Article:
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rascally

[ras-kuh-lee] /ˈræs kə li/
adjective
1.
being, characteristic of, or befitting a rascal.
adverb
2.
in a rascally manner.
Origin of rascally
1590-1600
1590-1600; rascal + -ly
Dictionary.com Unabridged
Based on the Random House Dictionary, © Random House, Inc. 2015.
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Examples from the Web for rascally
Contemporary Examples
Historical Examples
  • And what a damned shame it was that rascally employers should have cut down her prices!

    The Roll-Call Arnold Bennett
  • He would have treated us better than his rascally nephew has done.'

    A Woman Intervenes Robert Barr
  • If in such a case he could not get round a rascally solicitor, what could he do?

    The Testing of Diana Mallory Mrs. Humphry Ward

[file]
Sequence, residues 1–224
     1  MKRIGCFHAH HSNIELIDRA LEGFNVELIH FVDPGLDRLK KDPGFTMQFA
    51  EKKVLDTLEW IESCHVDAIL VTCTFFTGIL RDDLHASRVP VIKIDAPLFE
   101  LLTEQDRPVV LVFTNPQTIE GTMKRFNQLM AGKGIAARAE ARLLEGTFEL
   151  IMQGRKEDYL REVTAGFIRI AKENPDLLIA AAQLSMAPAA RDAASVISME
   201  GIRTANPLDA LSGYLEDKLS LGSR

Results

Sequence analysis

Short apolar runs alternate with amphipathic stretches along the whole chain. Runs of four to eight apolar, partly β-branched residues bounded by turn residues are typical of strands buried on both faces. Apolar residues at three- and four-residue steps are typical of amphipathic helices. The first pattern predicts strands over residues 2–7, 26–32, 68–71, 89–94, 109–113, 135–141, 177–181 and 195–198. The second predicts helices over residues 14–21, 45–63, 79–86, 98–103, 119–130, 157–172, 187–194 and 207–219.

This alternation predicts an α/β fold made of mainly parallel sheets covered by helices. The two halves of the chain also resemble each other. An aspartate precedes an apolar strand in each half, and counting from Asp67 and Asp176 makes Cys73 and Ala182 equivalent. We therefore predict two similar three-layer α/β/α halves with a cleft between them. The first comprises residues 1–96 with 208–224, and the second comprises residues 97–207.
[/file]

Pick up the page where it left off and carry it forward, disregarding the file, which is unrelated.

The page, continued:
• They cannot forget or forgive the rascally Rougon-Macquarts.

  • They answered that they had come to seize the vessels and their rascally crews.

  • Ah, Morny was the man to sit upon your rascally republicans!

  • I dare say these rascally republicans would know no better if he were to be married in his everyday suit.

    Gycia Lewis Morris
  • "You are a scoffer," the other reproached him, and his rascally face was oddly grave.

    St. Martin's Summer Rafael Sabatini
British Dictionary definitions for rascally

rascally

/ˈrɑːskəlɪ/
adjective
1.
dishonest or mean; base
2.
(archaic) (esp of places) wretchedly unpleasant; miserable
adverb
3.
in a dishonest or mean fashion
Collins English Dictionary - Complete & Unabridged 2012 Digital Edition
© William Collins Sons & Co. Ltd. 1979, 1986 © HarperCollins
Publishers 1998, 2000, 2003, 2005, 2006, 2007, 2009, 2012
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Word Origin and History for rascally
adj.

"low, mean, unprincipled," from rascal + -ly (1).

Online Etymology Dictionary, © 2010 Douglas Harper
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13
15
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